This was not enough to detract from an otherwise very enjoyable story though. Escha and Logy are not trying to save the world, they are just trying to do their job in the town’s R&D department and help the townspeople. To do this they explore ruins, defeat dangerous monsters, and use alchemy to create various items. I found this difference in scope from the typical JRPG to be refreshing, and there were still plenty of exciting moments and dangerous moments despite the lack of threat of a world-ending monster or a massive war driving everything.

With two characters to play as and multiple endings for each, there is plenty of story to explore. A single playthrough will take between 30-45 hours depending on how many of the game’s extra missions are completed. To unlock every ending and see every event will take a serious time investment, but the game does provide tools to assist. The New Game Plus gives an immediate boost to any additional playthroughs. The game also has a skip dialog option and fast forward option in battles to speed things up. The skip any dialog option was on by default causing me to accidentally skip a whole section of the dialog, but it can be changed to skip read only in the options menu (which I quickly did).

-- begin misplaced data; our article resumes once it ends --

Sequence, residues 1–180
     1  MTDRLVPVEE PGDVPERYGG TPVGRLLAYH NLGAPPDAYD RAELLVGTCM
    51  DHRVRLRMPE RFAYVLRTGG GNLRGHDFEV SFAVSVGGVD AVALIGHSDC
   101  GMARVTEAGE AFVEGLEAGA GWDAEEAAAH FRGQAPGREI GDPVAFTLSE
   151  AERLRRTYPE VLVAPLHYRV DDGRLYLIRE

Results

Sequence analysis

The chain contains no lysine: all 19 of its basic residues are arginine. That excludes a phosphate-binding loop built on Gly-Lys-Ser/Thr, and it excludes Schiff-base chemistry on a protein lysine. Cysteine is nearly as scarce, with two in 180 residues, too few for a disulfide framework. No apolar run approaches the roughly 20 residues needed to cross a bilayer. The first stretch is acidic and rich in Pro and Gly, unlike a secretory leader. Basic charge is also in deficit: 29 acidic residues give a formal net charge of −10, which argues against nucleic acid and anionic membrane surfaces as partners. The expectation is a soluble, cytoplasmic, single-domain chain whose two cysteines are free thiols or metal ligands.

The main focus of the game is, unsurprisingly, Alchemy. While shops do exist in the game, they only sell raw ingredients and recipes. For everything else, from quest items to weapons, to healing items, Escha and Logy must make themselves. The alchemy menu seems simple at first, but new features are slowly unlocked as the game progresses allowing for surprising depth. By the end of the game, it was not difficult to combine rare ingredients to max out the stats of an item, but that is not enough to guarantee a good result. What separates items from one another are their properties, and these properties are a result of the raw ingredients used. As each item in the game can only have a max of three properties, finding the best combination is the secret. When ingredients have similar bonuses, they combine into a more powerful version. So +6 and +9 attack bonuses will combine into a +15 attack bonus. The end goal is to stack as many bonuses as possible so that the three properties imbedded into the item as powerful as possible.